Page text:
News from the Tennessee Valley Business
SUNDAY, MARCH 25, 2007

Miles T. Powell, Decatur-based regional manager and senior consultant of Highland Technical Services Inc., takes a reading on a local groundwater remediation system. Jobs sometimes come to Highland as a late-night call and a panicked plea from someone staring at diesel gurgling from an underground tank. But most contacts are more sedate.
Daily photo by Gary Lloyd
Miles T. Powell, Decatur-based regional manager and senior consultant of Highland Technical Services Inc., takes a reading on a local groundwater remediation system. Jobs sometimes come to Highland as a late-night call and a panicked plea from someone staring at diesel gurgling from an underground tank. But most contacts are more sedate.

Low- and high-tech sleuthing
Highland tracks down land’s environmental hazards via public records, soil analysis

By Eric Fleischauer · 340-2435

Highland Technical Services Inc. calls itself an environmental consultant. But detective is more like it.

Highland spends most of its time seeking out bad guys, who take the form of leaked gasoline, dry-cleaning solvents and dozens of other harmful chemicals.

These bad guys are better at hiding than Inspector Gadget’s nemesis, Dr. Claw. But Highland’s investigative arsenal makes Inspector Gadget’s collection look tame.

The Birmingham-based company opened a Decatur office last year.

Jobs sometimes come to Highland as a late-night call and a panicked plea from someone staring at diesel gurgling from an underground tank. But most contacts are more sedate. One of the first gadgets Decatur-based regional manager and senior consultant Miles T. Powell usually pulls from his bag is an old city directory.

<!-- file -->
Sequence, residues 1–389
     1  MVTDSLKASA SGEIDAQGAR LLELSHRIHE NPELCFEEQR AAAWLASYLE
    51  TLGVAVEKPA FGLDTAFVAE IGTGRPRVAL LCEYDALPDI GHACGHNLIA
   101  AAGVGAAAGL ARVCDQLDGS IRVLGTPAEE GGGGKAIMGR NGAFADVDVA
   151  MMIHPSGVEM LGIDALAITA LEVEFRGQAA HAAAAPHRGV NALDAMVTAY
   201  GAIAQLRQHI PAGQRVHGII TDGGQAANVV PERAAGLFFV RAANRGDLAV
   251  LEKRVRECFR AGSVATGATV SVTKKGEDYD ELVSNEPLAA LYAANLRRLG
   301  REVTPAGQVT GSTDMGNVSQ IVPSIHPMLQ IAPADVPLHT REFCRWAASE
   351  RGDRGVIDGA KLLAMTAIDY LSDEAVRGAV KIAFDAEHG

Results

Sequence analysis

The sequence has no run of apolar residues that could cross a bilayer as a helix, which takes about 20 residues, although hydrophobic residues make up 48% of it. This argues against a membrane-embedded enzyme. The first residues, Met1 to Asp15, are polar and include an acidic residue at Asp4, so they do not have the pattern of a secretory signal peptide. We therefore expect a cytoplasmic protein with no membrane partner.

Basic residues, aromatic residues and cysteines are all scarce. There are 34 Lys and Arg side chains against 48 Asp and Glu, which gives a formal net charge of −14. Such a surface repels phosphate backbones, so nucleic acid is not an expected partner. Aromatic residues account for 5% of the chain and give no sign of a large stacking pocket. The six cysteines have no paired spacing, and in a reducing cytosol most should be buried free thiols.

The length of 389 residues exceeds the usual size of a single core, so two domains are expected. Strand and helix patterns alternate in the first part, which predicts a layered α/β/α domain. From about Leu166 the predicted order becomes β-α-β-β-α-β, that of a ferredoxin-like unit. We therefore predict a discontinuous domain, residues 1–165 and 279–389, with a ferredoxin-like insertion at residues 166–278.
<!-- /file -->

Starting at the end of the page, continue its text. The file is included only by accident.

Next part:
Often, a client is interested in buying a property or using property to secure a loan. But before he does, he wants to be sure he’s just buying land, not a toxic dump that could cost a fortune to clean up.

“They call us because they want to know if there are any environmental liabilities associated with the property,” Powell said.

Researching records

Powell starts making calls to former owners and tenants. What business was on the property? What chemicals were used?

“We need to ensure that we’ve determined all prior historical tenants of the facility,” Powell said. “That may take us to the library, to old city directories or to deed records.”

Then he eyeballs the property. Are any problems visible? Are the neighbors using chemicals or in facilities whose previous owners might have used chemicals?

This information ends up in a Phase 1 report, often the first and last stage of the analysis. In some ways, Phase 1 is the most important phase, Powell said, because it dictates the cost of later phases.

“What the client needs is professionals with extensive experience, with boots on the ground, conducting this assessment,” Powell said. “And most critically, writing a report that communicates the findings to the client.”

The Phase 1 report may say you have no toxic substances on a property. Or it might make the client grimace: You may have a problem: Dr. Claw may be lurking.